Upper Marlboro, Md.—Oct. 26
In the eight years she’s been riding Quest, Stephanie Danhakl has picked up a lot of primary-colored ribbons, but one tricolor has always eluded her: the championship at the Washington International.
“We’ve been champion at Devon (Pennsylvania), Capital Challenge Horse Show (Maryland), [The Pennsylvania National] and the National (Kentucky),” said Danhakl, Dover, Mass. “Now we’ve done all of our indoor shows. I’m really happy about that.
“The handy is really his strong suit,” she continued. “I made an inside turn that I’m not sure many people made. With him it’s absolutely no problem—I can slice and dice and turn. Then he continued being great into the stake. I was a little bit nervous thinking about ‘Oh this is the one show we haven’t won yet.’ But luckily we held it together and I’m really happy with that.”
Quest won yesterday’s under saddle and followed that up with a pair of blues today to claim the 3’3” amateur-owner hunter, 18-35, division championship over Mojito and Emily Goldberg.
It’s been three years since Danhakl has been to the fall indoor circuit, as 2020 was cancelled due to COVID-19 and last year she was pregnant with her son, Miles Raymond.
“Being here feels like putting on an old shoe,” she said. “I’m used to the pressure and the competition and the venue, I’ve been to this venue so many times.”
When she’s not taking care of her 9-month-old son, she’s working on her Ph.D. at Boston University or foxhunting with Norfolk Hunt Club (Massachusetts).
“My husband [Peter Raymond] has been hunting as well—which I never thought would be possible,” she said. “It’s so much fun. I’ve always been a lover of tradition and history, so it feels like I’m able to be a part of the sport in the roots of hunters, which I really appreciate. It’s fun to just kind of let go and gallop and jump some jumps that maybe would be a little scary. I’ve had a great horse who does it that I’ve had for four years. I’m having a blast. I have a lot of friends who do it. It’s not a lot of show people; it’s a different side of the industry.”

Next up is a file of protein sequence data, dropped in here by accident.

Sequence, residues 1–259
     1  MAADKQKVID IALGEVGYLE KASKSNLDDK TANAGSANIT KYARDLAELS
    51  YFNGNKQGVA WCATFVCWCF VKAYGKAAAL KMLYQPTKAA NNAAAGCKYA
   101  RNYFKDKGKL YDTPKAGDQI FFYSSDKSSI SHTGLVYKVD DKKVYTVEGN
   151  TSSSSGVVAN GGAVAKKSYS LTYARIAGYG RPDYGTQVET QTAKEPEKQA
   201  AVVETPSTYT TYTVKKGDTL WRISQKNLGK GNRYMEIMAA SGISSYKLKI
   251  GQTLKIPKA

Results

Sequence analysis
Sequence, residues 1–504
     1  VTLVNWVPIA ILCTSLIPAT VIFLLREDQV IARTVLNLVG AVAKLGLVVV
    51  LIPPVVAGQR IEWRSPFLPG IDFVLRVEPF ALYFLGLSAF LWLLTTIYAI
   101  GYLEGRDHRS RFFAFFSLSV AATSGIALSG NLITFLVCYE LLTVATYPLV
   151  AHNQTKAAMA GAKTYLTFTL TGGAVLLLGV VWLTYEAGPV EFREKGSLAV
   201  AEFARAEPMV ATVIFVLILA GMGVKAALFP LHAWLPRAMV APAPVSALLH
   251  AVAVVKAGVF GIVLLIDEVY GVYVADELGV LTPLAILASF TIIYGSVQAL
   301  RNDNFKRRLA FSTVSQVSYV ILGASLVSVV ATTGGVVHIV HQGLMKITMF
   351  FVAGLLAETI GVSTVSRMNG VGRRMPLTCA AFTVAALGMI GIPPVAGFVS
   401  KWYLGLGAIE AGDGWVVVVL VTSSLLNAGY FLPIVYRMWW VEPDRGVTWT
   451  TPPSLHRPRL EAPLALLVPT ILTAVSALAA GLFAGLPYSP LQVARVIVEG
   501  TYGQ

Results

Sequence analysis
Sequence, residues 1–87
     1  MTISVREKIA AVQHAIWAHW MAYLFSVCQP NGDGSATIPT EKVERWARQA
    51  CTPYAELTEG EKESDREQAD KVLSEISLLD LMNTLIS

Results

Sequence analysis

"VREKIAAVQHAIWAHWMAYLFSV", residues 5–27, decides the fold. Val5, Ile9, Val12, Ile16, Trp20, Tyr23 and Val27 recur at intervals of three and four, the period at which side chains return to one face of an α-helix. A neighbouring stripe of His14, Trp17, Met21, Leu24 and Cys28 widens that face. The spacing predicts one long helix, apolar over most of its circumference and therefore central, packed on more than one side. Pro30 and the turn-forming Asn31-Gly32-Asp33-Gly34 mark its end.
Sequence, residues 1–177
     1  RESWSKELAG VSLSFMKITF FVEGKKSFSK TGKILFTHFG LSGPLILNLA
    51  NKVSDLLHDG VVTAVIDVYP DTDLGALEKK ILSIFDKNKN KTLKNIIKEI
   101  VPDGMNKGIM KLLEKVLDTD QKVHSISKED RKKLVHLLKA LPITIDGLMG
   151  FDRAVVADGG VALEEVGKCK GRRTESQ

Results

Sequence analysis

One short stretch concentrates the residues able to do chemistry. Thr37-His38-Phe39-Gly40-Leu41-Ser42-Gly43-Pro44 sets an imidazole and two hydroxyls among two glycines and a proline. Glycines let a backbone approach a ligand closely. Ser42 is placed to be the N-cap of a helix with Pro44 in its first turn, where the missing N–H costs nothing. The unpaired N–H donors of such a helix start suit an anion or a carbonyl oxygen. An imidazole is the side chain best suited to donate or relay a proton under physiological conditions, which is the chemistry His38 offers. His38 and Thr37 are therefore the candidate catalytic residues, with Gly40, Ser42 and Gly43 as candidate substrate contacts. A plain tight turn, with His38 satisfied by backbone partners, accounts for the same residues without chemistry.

A Great Finish
Melissa Jacobs’ trip to the Washington International didn’t start out according to plan when she finished out of the ribbons with On Ice in yesterday’s amateur-owner, 18-35, over fences class.
“I made a lot of decisions to the single oxer,” she quipped.
But today she came back strong, winning both over fences classes. Coupled with a win in yesterday’s under saddle, she earned the division championship as well as the grand amateur-owner title at the Washington International.
“I woke up and saw I went first in the handy,” said Jacobs. “Sometimes I feel like if you haven’t seen [anyone ride the course] and you just have to go in and do it [it’s better]. Especially the trot fence bending to an oxer, we can get overthinking that if you see what number someone else did. But I just went in and landed and rode up after the trot and the nine [strides] was there beautifully. He always gives me a 10 jump if I put him in the right place so it’s very rewarding to ride him.”
David Belford and Chris Payne imported the stallion from Europe in the summer of 2021.
“He’s a little mouthy, but he’s not mean. He’s really friendly,” she said. “He does want to hold something [in his mouth] at all times. We got him over here, and he did the 3’3” amateurs that year. This year we stepped him up to the 3’6” amateurs. He does the [3’6” green hunters] with Chris. He didn’t get into that [division] here so I was a little nervous, but we pulled it together and I had so much fun out there.”
Jacobs lives in Boston where she’s a marketing manager, and her horses split their time between her family’s farms in East Aurora, New York, and Wellington, Florida. She keeps her legs strong by working out with equestrian fitness guru Kali Cram. When she needs to prepare for a horse show, for example between Capital Challenge and Washington, she’ll get to her horses for a few days to get some rides in.